Chinese PM confident of economic growth despite downturn
Beijing: Playing down concerns over sharp decline in Chinese economy in the face of big drop in exports, Premier Wen Jiabao said China is capable of meeting its economic and social development goals for the year despite domestic and external challenges.
Early this March, Wen had already lowered China's GDP target this year to 7.5 percent this year due to economic down turn in EU and US.
Chinese economy grew by 9.2 percent year-on-year last year.
"We have the conditions and capabilities, and will be sure to fulfil this year's economic and social development targets," state-run news agency Xinhua quoted him as saying during an inspection tour of eastern Zhejiang province.
Wen who will be retiring this year after a 10-year stint in power said his optimism is based on positive changes emerging in some sectors, and favourable conditions to maintain steady and relatively fast growth.
Dragged down by a lacklustre external market and government efforts to cool inflation, the country's GDP growth hit a three-year low of 7.6 percent in the second quarter of 2012.
Wen said economy's fundamentals remain sound but warned that the foundation for economic stabilisation is still unstable, and that economic hardships may continue for some time.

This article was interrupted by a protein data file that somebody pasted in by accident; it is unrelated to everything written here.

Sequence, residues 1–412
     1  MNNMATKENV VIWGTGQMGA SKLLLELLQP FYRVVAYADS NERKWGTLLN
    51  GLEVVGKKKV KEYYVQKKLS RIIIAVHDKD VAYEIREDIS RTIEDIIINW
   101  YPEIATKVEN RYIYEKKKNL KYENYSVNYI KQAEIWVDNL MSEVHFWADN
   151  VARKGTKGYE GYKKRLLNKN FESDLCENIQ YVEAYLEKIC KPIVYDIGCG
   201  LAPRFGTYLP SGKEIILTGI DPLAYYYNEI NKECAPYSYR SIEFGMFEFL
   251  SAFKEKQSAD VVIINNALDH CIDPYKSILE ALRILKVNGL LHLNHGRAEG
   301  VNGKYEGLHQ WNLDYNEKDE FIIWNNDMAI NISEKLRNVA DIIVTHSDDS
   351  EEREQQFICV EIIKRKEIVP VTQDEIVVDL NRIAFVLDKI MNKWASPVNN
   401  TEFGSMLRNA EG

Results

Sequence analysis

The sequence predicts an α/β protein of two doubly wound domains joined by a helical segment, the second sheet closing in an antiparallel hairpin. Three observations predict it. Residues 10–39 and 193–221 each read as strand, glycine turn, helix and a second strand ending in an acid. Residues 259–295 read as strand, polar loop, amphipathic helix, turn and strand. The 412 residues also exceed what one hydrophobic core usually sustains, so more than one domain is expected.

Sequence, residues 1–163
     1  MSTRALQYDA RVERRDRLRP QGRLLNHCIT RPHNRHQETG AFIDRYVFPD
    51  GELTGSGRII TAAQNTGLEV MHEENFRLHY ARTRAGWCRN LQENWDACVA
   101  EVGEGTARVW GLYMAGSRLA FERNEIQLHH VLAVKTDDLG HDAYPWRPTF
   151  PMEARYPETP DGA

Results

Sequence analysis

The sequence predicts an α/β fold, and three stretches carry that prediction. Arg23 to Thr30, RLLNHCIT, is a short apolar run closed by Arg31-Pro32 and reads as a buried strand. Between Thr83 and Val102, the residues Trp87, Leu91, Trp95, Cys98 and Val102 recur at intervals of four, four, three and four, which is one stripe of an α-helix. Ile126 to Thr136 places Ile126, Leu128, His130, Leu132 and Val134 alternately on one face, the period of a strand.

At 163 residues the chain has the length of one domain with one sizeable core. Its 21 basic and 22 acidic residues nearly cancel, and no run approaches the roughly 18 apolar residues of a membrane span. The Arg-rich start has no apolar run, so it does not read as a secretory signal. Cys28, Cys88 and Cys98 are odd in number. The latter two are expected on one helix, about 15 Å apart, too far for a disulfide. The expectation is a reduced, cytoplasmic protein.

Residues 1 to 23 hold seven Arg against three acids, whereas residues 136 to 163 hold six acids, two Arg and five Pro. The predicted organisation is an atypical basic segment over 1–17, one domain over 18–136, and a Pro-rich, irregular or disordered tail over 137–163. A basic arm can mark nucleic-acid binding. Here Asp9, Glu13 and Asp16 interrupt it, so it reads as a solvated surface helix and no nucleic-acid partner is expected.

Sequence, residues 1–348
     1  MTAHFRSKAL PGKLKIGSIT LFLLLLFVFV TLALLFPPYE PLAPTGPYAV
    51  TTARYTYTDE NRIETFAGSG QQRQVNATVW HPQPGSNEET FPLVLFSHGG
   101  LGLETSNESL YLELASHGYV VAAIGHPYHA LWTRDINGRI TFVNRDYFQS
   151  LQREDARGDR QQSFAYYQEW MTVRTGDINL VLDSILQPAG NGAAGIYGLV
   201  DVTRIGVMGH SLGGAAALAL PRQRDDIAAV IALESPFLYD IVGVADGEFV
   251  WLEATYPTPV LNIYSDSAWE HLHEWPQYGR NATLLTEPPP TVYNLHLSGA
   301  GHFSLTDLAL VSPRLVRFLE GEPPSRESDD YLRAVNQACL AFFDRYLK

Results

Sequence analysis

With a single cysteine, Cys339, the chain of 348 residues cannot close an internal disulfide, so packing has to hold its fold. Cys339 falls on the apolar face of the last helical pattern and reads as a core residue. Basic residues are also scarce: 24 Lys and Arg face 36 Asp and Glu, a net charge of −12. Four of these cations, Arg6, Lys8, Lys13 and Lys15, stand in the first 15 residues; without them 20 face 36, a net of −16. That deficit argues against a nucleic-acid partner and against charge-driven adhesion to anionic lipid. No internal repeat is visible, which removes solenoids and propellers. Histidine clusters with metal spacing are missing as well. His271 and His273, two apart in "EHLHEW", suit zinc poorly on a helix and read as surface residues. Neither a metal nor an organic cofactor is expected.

Government leaders, enterprises and the whole society should have confidence, especially in times of difficulty, Wen said, calling for government authorities to carry out work in line with new conditions and local realities.
During meetings with local entrepreneurs, Wen said the economy has shown positive changes over recent months, especially since July, as both investment and consumption have grown steadily.
Wen also cited a stable job market, which saw 8.12 million new urban jobs created in the first seven months, up 390,000 from the same period of last year, and easing price gains, which provides more room for monetary loosening.
Growth of the consumer price index, a key gauge of inflation, dropped to 1.8 percent year-on-year in July, the slowest rate since February 2010.
The country's central bank earlier in the year slashed the reserve requirement ratio for banks twice and interest rates twice in a bid to boost lending and shore up growth.